7 Warnings for Aspiring Leaders

Alert

Almost on a weekly basis I hear from a young pastor who wants to grow as a leader. He feels the pressure placed upon him and knows that others are looking to him to steer the church on a healthy course. Most of these leaders are humble, knowing that ultimately Christ is the head of the church. What they also know is that there are expectations of their position, decisions that have to be made which are not clearly defined in Scripture, and that seminary didn’t train them to make.

Sometimes it seems I’ve given the same advice many times; either reminding myself or to another pastor. The more times I share the same concept, the more it becomes a short, paradigm shaping idea that summarizes the basic issue the leader is facing. What isn’t always clear is that I’ve learned these concepts mostly by living these concepts. I’ve made more mistakes in leadership than I’ve had success. That’s what this post is about. These are some warnings I’ve observed first hand in leadership positions I’ve held. I’m trying not to continue to live them and I’d love to help other leaders avoid them.

Here are 7 warnings for aspiring leaders:

What you “settle for” becomes the culture.

Mediocrity isn’t created. It’s accepted.

Your actions determine their reactions.

Don’t assume they agree because they haven’t said anything.

You’ll never get there just “thinking about it”.

If you’re the leader, they are likely waiting on you to lead or release the right to lead.

What the team values becomes apparent by your actions, not your words, no matter how well spoken they might be.

What warnings would you share to aspiring leaders?

Please note: I reserve the right to delete comments that are offensive or off-topic.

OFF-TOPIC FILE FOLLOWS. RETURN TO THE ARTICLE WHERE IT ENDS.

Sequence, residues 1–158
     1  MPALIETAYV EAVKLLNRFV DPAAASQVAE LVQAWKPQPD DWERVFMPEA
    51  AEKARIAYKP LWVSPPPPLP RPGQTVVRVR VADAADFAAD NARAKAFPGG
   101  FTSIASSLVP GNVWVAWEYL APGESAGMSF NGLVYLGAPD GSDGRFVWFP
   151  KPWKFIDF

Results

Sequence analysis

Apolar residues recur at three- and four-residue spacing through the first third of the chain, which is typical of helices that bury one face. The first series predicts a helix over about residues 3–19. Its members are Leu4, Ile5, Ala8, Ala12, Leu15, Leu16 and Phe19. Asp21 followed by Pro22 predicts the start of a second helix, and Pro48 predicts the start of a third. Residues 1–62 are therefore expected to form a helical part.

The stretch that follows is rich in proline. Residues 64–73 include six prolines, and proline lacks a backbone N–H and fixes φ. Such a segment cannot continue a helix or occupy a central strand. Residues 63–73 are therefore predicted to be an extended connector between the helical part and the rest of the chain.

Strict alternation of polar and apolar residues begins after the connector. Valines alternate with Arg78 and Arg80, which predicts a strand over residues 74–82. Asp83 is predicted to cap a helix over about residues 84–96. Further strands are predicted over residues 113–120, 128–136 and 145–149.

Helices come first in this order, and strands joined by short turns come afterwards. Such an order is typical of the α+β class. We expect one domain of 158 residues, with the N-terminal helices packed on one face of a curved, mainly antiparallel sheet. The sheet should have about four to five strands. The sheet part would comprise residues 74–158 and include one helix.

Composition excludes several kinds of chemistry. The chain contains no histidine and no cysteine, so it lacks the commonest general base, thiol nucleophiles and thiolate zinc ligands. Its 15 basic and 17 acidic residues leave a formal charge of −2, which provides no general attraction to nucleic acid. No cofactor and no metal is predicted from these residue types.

Leave a Reply

Your email address will not be published. Required fields are marked *

Add video comment

Have you Subscribed via RSS yet? Don't miss a post!

21 thoughts on “7 Warnings for Aspiring Leaders

  1. Hi! I know this is kind of off topic but I was wondering which blog platform are you using for this site?

    I’m getting sick and tired of WordPress because I’ve had problems with hackers and
    I’m looking at alternatives for another platform. I would be fantastic if you could point me in the direction of a good platform.

  2. I am grateful to our AWE-GOD that our mistakes that we stepped into by our impulsive human conditions can and will be Kingdom translated into GOD’s Miraculous Messages.
    My mistake is paying forward temporary life by reacting to the human condition of the issue at hand instead of responding with Kingdom Perspective. The long or short of it boils down to long or short? Will I lead by reaction or response? Time with God makes reaction a bit longer, but creates a response that pays forward an eternal difference. Do I want to pay forward a temporary difference that will collapse under the weight of the human condition or do I want to pay forward an eternal difference that will stand the tests of time? Most of the time in my early leadership I reacted and oh OUCH it hurt as it created crooked paths and OH, I am so thankful for God, who continued to “grow me through” and teach me how wonderful it is to walk on straight paths. Now, I take the time needed to respond as I take my reaction to God 1st and He straightens it out by His Kingdom Perspective. Our God is sooooooo good at making crooked places straight! AWE-GOD!

    Twitter: kmac4him

  3. Wonderful thoughts! Love it. Here's what I might add.
    The inability to deal with conflict immediately and in good character WILL eventually implode your team / Church / organization.

  4. A couple of warnings:

    They're you're team and you're responsible for them (Though every warning you gave could come back to this truth)

    You will fail. It's how you recover from that determines the quality of your leadership

  5. Good word! Especially "what you settle for becomes the culture". In the past I allowed certain things to go unaddressed to avoid having to confront someone, or address an issue. It became a bigger problem, and showed others on your team what you really thought was important.